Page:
The University Of Trinidad And Tobago 3Document Transcript
THE UNIVERSITY OF TRINIDAD AND TOBAGO SCHOOL FOR STUDIES IN LEARNING, COGNITION AND EDUCATION BACHELOR OF EDUCATION PROGRAMME STUDENT’S NAME: JANELLE MOHAMMED STUDENT’S I.D.: 110005498 COURSE TITLE: INSTRUCTIONAL DESIGN COURSE CODE: IDES210E ASSIGNMENT 1: LESSON PLAN LESSON PLAN DATE: 10th November, 2009CLASS: Standard 1 CURRICULUM AREA: ScienceTOPIC: Making bouncing balls AGE RANGE: 7-8 yearsNO. IN CLASS: 18 DURATION: 35 minutes
Previous knowledge – students will have previous experience with balls, both bouncing and rolling. Some may have misconception that all balls bounce.
At the end of the lesson, students will be able to:
Identify balls that do and do not bounce.
Illustrate what they have learnt.
Explore the movements of balls.
Explore the inside of commercially made balls.
Analyze the materials from which balls are made to determine their purpose.
Children will have the opportunity to use different materials to make balls. They will design and build the balls and explore how the balls roll and bounce. They will take apart the old balls to see how they are made and use these ideas in making more balls.
Pebbles, beads, newspaper, foil, socks, plastic bags or stockings – these can be used to stuff the pebbles and beads into. Teacher will use items such as rubber bands and string to wrap around the core. Children will be asked by the teacher on a previous day to collect old balls which they can use to take apart, specifically some that are solid and hollow. Teacher will place these on several tables which students can work in groups with.
OVERVIEW SECTION: INTRODUCTION
Teacher will introduce and state to the class that they will be designing and making balls themselves. The variety of materials will be shown to students. Teacher will further model some examples such as the crushed newspapers wrapped in tape in a spherical shape. Teacher will introduce concept that not all balls are the same; some balls can bounce while others roll better.
Teacher will ask if anyone can think of a particular kind of ball he or she would like to make, what it should be able to do and what might it be made of. As the students work, the teacher will encourage the students to think about why they are using certain materials, what they hope their ball will be like and how might the ball roll and bounce.
The teacher will ask the children to gather in a circle; take apart two (2) or more commercially made balls, one hollow and one solid. More questions will be used to probe students such as: ‘what do you think the balls are made of?’ ‘How do you think they are made?’ ‘How do you think they are similar or different to the balls that you made, could you make a hollow ball, how?’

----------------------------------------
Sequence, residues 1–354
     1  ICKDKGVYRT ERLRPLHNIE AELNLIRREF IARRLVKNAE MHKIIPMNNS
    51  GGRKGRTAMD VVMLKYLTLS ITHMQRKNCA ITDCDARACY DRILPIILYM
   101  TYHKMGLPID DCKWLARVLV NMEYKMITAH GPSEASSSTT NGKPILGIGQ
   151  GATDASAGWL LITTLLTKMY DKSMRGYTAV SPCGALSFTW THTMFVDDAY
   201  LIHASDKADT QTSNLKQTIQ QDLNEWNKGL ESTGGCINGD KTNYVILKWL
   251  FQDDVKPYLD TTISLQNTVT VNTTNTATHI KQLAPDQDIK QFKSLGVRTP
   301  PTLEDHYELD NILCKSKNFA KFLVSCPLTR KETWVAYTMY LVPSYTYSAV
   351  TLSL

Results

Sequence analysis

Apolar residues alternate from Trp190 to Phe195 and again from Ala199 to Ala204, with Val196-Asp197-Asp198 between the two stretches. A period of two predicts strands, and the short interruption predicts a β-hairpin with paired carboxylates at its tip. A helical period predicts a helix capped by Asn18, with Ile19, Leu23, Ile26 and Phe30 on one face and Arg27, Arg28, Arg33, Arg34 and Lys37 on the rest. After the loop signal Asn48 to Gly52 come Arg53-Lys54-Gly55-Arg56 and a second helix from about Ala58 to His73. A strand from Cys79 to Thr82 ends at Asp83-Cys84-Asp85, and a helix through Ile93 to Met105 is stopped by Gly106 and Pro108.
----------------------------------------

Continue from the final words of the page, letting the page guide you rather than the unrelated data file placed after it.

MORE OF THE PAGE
TEACHING POINTTEACHING STRATEGYLEARNING ACTIVITIESAnalyze the materials from which balls are made from to determine their purpose. Teacher will place students in groups. Teacher will ask students to take apart an old ball to explore how it is constructed. Teacher will also encourage students to think about why certain materials are used in the making of the ball. Students will take apart old ball, explore how it is made and use a similar method to construct their own ball, considering why certain materials are used to make a commercial ball.Balls do and do not bounceTeacher will model examples of balls which can bounce and which cannot. Teacher will allow students to explore and discover for themselves. Teacher will, as students work, use probe questions such as how might the ball which they are making be able to bounce and roll?Students will engage in activity by making their own ball. They will consider in the process what kind of material is needed to make their ball. After taking into consideration the demo commercial ball; they would also consider what might cause their ball to bounce or roll. Students will also be given a hollow ball (tennis) and a solid ball (hard) and will identify which balls bounce and which ones roll better.Illustration of what has been taughtTeacher will ask students to bring their work forward to make a display where all can see and ask probe questions such as what is the ball good for, is it a ball which can roll or bounce?Students will after making their balls bring it forward in the area of display and show what it can do.
Teacher will recap what was done in the lesson. She would also probe students by asking questions such as: what kinds of materials might be needed to make balls and what are some of their purposes. Teacher can discuss with students the difference between round balls and footballs. She can illustrate whether or not a football can bounce like a round ball by having a student bounce the football as well as the round ball. Students will be asked to describe the differences, bringing home the point that not all balls bounce.
Students are asked to create their own ball.
While students work, teacher observes their work by walking around the classroom at their respective work stations.
On completion of their work, students are asked to bring forward their work to put it on display. Their balls are tested; they give a demonstration of the concept which was taught.